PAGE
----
What is close contact?
Remember 6-15-24. If you've been within 6 feet of an infected person for 15 minutes or more in total over 24 hours, the federal Centers for Disease Control and Prevention considers that close contact. Someone who has been exposed won't necessarily come down with COVID-19, but the virus is contagious for 48 hours before a patient has any symptoms or tests positive.
As the number of new COVID-19 cases in the United States spikes to more than 200,000 daily, the need to rapidly discover who has had certain interactions with whom has again raised the question: Could contact tracing using smartphones make you safer?
Back in May, Apple and Google started working on the underlying technology to create apps that would alert people whenever they were exposed to someone infected with COVID-19. The alerts wouldn't identify the person, preserving privacy. But they would be able to warn you about exposure to strangers even in places such as supermarkets and gas stations — something no human contact tracers can do.
Now close to half of the states have launched Apple iOS and Google Android apps based on this technology. If you live in a state where health officials are working with software developers to provide information about those who have tested positive, you’ll probably see a featured app that mentions or refers to COVID exposure notifications on your iPhone or Android phone. (If you don’t see a featured app, search for “Covid exposure” and your state.) Joining is voluntary and anonymous but open only to state residents age 18 and older.
Available on iPhones and Android phones, the software technology is officially known as the Exposure Notifications System. It does not track your location using GPS but rather acts as a proximity alert using the low-power wireless Bluetooth feature on most phones. The New York-based nonprofit Brennan Center for Justice considers apps built on this platform to have among the best privacy protections for users’ data.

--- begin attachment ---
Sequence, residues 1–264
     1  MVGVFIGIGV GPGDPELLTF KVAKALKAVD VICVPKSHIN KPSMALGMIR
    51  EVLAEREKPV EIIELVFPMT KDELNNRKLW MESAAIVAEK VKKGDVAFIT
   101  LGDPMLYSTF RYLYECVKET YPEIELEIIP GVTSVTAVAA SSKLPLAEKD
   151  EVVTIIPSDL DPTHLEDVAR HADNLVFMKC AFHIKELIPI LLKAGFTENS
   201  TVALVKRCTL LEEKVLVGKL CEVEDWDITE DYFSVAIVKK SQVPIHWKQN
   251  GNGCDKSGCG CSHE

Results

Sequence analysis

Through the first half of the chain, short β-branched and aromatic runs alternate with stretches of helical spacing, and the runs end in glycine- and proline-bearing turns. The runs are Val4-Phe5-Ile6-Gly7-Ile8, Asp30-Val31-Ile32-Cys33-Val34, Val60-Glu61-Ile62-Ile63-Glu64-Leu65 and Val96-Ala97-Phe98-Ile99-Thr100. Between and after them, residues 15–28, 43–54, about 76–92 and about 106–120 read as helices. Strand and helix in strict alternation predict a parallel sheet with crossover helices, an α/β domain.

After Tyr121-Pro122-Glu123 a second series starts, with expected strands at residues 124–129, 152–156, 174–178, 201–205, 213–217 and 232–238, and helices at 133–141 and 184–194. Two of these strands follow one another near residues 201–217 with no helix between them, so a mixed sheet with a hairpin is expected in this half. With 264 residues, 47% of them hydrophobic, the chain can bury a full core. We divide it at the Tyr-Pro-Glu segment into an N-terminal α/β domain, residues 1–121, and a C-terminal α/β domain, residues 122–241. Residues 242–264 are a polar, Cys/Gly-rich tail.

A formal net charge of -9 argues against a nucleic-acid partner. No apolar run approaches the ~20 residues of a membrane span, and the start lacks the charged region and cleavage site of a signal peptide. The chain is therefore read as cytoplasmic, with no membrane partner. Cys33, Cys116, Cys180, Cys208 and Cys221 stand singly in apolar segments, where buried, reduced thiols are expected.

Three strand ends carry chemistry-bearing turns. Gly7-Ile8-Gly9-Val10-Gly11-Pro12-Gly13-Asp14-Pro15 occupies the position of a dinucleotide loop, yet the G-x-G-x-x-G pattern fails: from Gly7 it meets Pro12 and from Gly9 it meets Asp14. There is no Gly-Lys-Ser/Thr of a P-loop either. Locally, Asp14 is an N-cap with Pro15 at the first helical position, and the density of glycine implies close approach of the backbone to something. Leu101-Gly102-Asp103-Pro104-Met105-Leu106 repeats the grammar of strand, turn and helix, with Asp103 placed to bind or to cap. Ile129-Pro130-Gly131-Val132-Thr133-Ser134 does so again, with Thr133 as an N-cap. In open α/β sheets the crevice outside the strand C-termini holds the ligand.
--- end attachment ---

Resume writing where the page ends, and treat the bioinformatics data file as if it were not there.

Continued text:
Whenever you come near someone else using the same app, the phones trade secret codes. Later, if it turns out that you spent more than 10 minutes within 6 feet of anyone who ended up testing positive for COVID-19, you'll be sent an alert and be informed about what to do next. For example, you might be advised to self-isolate or contact your physician.
Is it trustworthy?
Because the software relies solely on information from government authorities, people can’t prank the system by, say, falsely claiming they tested positive and then triggering alerts to scare others. Only people who receive a special code from their local health department can enter a positive result into the app.
Since no national plan has been created for contact tracing, each state is deciding whether to create its own app. That means you’ll see different messages and differently named apps for exposure notifications depending on where you live.